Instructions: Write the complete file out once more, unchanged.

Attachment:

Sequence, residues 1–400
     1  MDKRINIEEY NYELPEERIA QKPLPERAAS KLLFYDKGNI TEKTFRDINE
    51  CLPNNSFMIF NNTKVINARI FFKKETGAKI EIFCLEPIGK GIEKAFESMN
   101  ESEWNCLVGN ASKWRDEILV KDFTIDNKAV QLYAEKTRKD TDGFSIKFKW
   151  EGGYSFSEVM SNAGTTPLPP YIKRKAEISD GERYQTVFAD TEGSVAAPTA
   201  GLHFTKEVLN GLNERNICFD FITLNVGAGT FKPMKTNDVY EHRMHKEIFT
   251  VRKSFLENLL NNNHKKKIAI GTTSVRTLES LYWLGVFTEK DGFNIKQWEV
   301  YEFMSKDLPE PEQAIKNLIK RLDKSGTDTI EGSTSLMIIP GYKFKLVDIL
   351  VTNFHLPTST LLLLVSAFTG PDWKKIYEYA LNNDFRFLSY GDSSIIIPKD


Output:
Sequence, residues 1–400
     1  MDKRINIEEY NYELPEERIA QKPLPERAAS KLLFYDKGNI TEKTFRDINE
    51  CLPNNSFMIF NNTKVINARI FFKKETGAKI EIFCLEPIGK GIEKAFESMN
   101  ESEWNCLVGN ASKWRDEILV KDFTIDNKAV QLYAEKTRKD TDGFSIKFKW
   151  EGGYSFSEVM SNAGTTPLPP YIKRKAEISD GERYQTVFAD TEGSVAAPTA
   201  GLHFTKEVLN GLNERNICFD FITLNVGAGT FKPMKTNDVY EHRMHKEIFT
   251  VRKSFLENLL NNNHKKKIAI GTTSVRTLES LYWLGVFTEK DGFNIKQWEV
   301  YEFMSKDLPE PEQAIKNLIK RLDKSGTDTI EGSTSLMIIP GYKFKLVDIL
   351  VTNFHLPTST LLLLVSAFTG PDWKKIYEYA LNNDFRFLSY GDSSIIIPKD